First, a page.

The work of the Merchants’ Association in advertising New York as a mercantile centre is so well known to business men all over the world that it is not necessary here to dwell upon it beyond using this fact as an excellent illustration of what can be accomplished by a preconcerted effort on the part of leading citizens of any town or city.
The Merchants’ Association has spread the fame of New York’s wholesale markets in every corner of America. It has secured rate concessions from leading railroads and its practical results in the shape of delegations of hundreds of retail buyers and merchants from states far and near can be seen by anyone interested enough to visit the Broadway Central, Imperial, Waldorf-Astoria and other New York hostelries during buying seasons.
Leading citizens of Cripple Creek, Colorado, had an advertising plan submitted to them by a New York advertising specialist. The object of this idea was to let eastern investors know the great mineral resources of Cripple Creek and was the subject of much favorable comment.
The Clinton (Ia.) Herald recently urged Iowans to make known to the world at large the resources of Iowa to farmers, miners, manufactureres and business men. The article said in part
“Iowa has advantages in the way of manufacturing that are possessed by few States, but they have been so carefully concealed that the men who manage the great manufacturing plants of the country have never been particularly well informed of the fact. An Eastern man, passing through this State on a Northwestern train, observing a branch line running south from Belle Plains, asked a fellow passenger where it led to, and being informed that it was a coal line, seemed surprised and inquired, “Are there coal mines in Iowa?” He expressed wonder when told that almost half of the State is underlaid with fine veins of coal.
“It is not the especial duty of the State to advertise the resources of the country, yet it might well do something in that line. States have boards of immigration when they have vacant Lands but that time has passed in Iowa.”
Such organizations as the National League of Improvement Associations of Springfield, Ohio, not only exist for the purpose of making America beautiful but also advertise which-ever section of America it may work in in a most business like way. Read the following-clipped from its literature:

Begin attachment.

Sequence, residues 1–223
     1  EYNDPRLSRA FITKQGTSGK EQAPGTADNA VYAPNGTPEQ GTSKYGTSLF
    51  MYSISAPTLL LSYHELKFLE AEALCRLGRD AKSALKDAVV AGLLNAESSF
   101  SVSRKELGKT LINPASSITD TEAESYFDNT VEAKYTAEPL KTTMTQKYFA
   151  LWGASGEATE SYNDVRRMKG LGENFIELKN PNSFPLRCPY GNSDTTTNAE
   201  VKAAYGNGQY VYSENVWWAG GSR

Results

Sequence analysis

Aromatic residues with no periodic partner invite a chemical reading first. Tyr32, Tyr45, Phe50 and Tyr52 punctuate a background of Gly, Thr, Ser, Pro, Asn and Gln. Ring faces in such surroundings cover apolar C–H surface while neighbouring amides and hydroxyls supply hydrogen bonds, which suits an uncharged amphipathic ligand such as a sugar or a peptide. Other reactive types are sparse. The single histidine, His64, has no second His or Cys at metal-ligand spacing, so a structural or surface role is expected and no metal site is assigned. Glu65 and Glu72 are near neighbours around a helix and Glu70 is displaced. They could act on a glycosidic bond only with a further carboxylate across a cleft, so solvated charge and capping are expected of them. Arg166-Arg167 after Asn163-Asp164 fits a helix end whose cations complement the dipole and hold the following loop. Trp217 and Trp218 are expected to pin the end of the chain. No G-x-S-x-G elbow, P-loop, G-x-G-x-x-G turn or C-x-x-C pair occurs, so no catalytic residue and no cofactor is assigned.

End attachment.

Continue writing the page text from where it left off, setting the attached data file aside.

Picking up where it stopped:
“Organized purely as an educational movement, the League has proved a decidedly successful business ` boomer,’ both for the trade’ directly concerned in the sale of plants, seeds, paints, paper and decorating supplies, and also on a broader scale touching larger interests. Landscape gardeners, manufacturers, architects, contractors, real estate dealers and many others are financially interested.
” Already special campaigning in a given city has resulted in the sale of the entire stock of every local florist. In another city an average of fifty per cent advance in real estate has followed the agitation of an improvement association in a section containing ten or twelve thousand inhabitants. One of the fore-most paint manufacturing concerns is now using a splendidly illustrated booklet exploiting its products in relation to this new-born movement. The League plans, agitates and organizes. It unites school people, influential citizens, commercial bodies and other groups in a way that awakens interest in every home.
” The League is an investment, not a charity, and a proposition to support it is purely a business matter. An organization formed for similar purposes among manufacturers is largely sup-ported by prominent firms whose efforts are thus brought to the attention of an interested public.
“The League prepares booklet, magazine and leaflet issues; arranges copy and illustrations for hundreds of periodicals, provides lectures and lantern slides for towns and assemblies; secures the organization of local leagues and the enlistment of commercial bodies and public spirited citizens.”
There is not a state in the Union and scarcely a town or city in it but cannot be benefitted by a regular advertising bureau organized and operated for that purpose.
Of course the principal help is the local press and such aid can be enlisted in nine cases out of ten, provided the situation is put in the proper light before editors. A certain amount of advertising in publications could be contracted for with every feeling that such an outlay is wise because business bringing and legitimate.
Booklets, maps and letters should be sent to inquirers and carefully culled lists of names.
Efforts should be made to interest railroads in securing special rates.
Efforts should be made to interest hotels in quoting special prices.
Efforts should be made to interest leading citizens in the propaganda movement.
For the success of the town, city or state is their success. Efforts should be made to secure the presence of conventions. Efforts should be made to secure the presence of men of national reputation upon convention and other leading occasions.